to be a willful violation of the Elkins
law. This report will be accompanied
by a draft of the evidence taken by the
commission and in view of this action,
I do not see how the Department of
Justice can refrain from instituting
prosecutions against the railroad."
This statement was made to-day by a
member of the Interstate Commerce
Commission. The prosecution of the
Santa Fe Railroad by the Government
will be most embarrassing to Secretary
of the Navy Morton, who was executive
officer of that corporation during the
tfcne when the alleged rebates were
"The commission has ended its in
vestigation of this matter," said the
commissioner, "and is now engaged in
preparing a statement for the Attorney
General. This will be ready for trans
mittal next week. Our last hearing
was on December 29, but President
Ripley of the Santa Fe asked for a
subsequent hearing, and the case was
held open until January 16. A few
days before that date he canceled his
"The fact that a member of the Cabi
net may become involved makes no
difference to the commission. While
I have not talked with the President,
I feel sure that he would not care to
interfere one way or the other. The
punishment cannot be less than a fine
of $1000 nor more than $20,000 for each
offense. If each shipment in which a
rebate was allowed constitutes a sep
arate offense, tad total fine to which
the Santa Fe is Tfable will run up into
hundreds of thousands of dollars.''
Attorney General Moojiy may differ
from the members of the Interstate
Commerce Commission regarding the
findings after a review of the testi
ENDS IN DEATH
Giuseppe Brgardo Is Shot
Down on Powell Street by
Mob of Enraged Pursuers
A drunken brawl in the barber shop
of Pietro Rats, Francisco and Mason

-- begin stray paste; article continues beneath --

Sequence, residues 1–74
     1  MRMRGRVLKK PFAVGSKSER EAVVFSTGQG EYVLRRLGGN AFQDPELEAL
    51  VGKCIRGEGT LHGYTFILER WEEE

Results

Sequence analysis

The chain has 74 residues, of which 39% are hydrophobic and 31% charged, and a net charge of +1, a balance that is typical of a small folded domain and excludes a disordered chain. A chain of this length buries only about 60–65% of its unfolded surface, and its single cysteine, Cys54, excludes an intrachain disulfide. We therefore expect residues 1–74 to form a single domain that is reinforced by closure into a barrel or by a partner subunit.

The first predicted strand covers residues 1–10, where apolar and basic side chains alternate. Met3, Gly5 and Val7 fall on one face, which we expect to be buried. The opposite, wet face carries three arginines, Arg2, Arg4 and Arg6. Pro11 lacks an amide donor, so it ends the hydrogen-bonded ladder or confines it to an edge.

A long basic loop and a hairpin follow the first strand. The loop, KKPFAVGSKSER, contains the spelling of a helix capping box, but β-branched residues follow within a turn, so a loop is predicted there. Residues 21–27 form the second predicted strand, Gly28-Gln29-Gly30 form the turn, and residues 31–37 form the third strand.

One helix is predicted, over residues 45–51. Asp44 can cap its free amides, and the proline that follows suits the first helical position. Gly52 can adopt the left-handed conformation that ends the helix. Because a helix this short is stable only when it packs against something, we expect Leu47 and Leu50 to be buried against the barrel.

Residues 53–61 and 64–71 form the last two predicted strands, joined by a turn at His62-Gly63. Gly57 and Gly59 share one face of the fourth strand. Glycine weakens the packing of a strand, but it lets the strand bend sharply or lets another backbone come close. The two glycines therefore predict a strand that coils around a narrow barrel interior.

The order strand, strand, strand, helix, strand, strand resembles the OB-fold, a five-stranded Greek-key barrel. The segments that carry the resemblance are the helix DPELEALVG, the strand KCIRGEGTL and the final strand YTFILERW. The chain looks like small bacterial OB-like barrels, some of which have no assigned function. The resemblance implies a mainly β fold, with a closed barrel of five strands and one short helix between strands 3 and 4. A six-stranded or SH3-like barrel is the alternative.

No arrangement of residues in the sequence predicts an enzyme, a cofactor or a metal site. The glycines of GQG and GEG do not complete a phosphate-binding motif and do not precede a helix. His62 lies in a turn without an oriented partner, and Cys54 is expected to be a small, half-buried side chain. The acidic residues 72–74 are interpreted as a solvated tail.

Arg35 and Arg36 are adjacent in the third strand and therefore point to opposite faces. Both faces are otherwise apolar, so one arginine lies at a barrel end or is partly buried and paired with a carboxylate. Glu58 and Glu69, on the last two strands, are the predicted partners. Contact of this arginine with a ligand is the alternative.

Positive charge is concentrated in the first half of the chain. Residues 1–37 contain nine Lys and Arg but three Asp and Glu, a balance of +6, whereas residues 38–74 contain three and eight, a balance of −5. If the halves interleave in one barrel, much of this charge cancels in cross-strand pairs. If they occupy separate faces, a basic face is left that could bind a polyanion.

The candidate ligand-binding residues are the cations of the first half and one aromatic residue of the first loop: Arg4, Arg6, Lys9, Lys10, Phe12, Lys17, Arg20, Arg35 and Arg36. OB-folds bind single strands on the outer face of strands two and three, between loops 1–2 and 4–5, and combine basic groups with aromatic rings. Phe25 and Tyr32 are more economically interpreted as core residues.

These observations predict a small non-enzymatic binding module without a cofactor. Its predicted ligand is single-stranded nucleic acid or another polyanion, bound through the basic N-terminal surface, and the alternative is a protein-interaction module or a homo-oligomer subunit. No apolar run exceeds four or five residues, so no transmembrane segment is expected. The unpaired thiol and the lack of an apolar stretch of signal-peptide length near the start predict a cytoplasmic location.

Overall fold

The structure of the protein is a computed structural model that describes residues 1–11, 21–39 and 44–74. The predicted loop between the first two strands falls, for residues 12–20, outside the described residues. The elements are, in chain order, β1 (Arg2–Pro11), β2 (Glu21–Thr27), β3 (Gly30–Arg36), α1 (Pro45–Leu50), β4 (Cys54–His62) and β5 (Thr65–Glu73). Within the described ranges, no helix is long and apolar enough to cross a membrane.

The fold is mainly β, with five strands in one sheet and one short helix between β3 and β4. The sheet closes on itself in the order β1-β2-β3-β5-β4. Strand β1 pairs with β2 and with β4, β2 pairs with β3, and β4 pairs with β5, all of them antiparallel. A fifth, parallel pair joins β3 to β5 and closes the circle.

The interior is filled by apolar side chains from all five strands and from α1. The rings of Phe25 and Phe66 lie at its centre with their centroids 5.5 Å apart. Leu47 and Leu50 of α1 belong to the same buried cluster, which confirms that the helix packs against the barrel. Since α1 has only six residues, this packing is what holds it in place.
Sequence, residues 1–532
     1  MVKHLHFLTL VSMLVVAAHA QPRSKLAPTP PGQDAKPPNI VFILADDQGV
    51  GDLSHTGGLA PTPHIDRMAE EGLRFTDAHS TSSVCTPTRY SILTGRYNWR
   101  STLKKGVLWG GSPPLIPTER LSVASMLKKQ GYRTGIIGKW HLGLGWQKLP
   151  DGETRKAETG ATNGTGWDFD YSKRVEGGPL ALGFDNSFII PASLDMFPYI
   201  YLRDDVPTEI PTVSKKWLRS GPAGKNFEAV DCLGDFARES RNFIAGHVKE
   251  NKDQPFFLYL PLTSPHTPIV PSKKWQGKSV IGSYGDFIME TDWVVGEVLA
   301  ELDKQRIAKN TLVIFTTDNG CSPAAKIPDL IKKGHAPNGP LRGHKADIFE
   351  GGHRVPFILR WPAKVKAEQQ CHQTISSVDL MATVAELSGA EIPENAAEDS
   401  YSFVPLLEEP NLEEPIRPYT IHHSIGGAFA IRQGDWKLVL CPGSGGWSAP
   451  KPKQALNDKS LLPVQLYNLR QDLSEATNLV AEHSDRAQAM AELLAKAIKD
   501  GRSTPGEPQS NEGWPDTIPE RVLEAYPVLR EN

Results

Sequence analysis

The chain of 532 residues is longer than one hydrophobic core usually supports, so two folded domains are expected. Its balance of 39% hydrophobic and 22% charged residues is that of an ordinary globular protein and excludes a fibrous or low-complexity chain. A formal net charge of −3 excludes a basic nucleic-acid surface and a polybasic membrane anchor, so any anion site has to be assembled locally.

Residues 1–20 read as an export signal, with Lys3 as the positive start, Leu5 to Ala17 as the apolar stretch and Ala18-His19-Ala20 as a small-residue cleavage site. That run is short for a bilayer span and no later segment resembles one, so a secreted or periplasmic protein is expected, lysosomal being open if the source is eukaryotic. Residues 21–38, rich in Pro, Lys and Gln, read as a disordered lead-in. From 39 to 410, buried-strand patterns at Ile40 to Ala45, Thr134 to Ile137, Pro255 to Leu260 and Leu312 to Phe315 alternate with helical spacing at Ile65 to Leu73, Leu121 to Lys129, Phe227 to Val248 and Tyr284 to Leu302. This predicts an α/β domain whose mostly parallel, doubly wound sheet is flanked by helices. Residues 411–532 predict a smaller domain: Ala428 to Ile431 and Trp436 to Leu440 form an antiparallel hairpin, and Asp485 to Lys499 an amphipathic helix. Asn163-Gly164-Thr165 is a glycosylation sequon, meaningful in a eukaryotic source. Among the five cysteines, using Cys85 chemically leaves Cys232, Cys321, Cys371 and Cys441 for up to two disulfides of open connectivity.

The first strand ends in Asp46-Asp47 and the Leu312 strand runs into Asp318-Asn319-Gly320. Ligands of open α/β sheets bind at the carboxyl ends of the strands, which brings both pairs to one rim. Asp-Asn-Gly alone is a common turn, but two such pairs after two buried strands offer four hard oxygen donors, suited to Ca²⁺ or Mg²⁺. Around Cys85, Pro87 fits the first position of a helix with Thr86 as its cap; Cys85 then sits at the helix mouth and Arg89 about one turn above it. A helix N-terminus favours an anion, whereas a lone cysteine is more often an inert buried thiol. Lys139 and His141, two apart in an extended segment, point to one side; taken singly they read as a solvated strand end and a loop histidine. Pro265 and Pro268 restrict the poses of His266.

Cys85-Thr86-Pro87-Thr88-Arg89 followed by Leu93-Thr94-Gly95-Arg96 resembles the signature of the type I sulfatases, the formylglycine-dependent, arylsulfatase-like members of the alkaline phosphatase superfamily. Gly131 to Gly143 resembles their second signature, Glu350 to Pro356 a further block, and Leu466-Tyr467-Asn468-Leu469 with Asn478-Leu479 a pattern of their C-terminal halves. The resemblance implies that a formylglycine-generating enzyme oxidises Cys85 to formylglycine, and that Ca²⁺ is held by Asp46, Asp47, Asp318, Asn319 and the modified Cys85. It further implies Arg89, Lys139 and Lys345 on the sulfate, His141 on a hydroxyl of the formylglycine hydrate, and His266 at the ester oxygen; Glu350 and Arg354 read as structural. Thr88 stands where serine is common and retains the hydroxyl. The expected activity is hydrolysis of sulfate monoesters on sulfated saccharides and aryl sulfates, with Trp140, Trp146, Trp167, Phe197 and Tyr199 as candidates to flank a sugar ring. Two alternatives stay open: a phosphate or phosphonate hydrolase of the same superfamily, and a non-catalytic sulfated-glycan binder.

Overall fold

streets, shortly after midnight this
morning, ended only after Giuseppe
Brogardo, an Italian fisherman, was
shot to death by the bullets from sev
eral of the men who were mixed up in
the free fight. Wentz Brossini, Antoni
and the proprietor of the shop
were arrested by the police and held
pending an investigation.
Brogardo, in company with a large
party of friends, had been in the barber
shop drinking heavily all day. A row
started at rrtidnight and the party re
paired to the street to fight it out. Sev
eral attacked Brogardo, according to
the stories of eye-witnesses, and he
drew a revolver to protect himself,
firing two shots.
At the same time several others of
the party also drew weapons and
opened fire on the fisherman. He fled
down Powell street, but at the corner
uf Vandewater street fell. His pur
suers kept on, firing as they ran, and
the wounded man picked himself up
and ran along Vandewater street to
Mason, turning into the latter street.
By this time his pursuers were close
upon him and he had gone but a few
yards when he fell dead, pierced In the
back by two more bullets. His pur
suers immediately fled. Policeman
B'ennell, attracted by the shooting,
hastened to tbe scene and soon after
arrested Brossini. The* latter threw
away a revolver containing Aye empty
The proprietor of the shop and La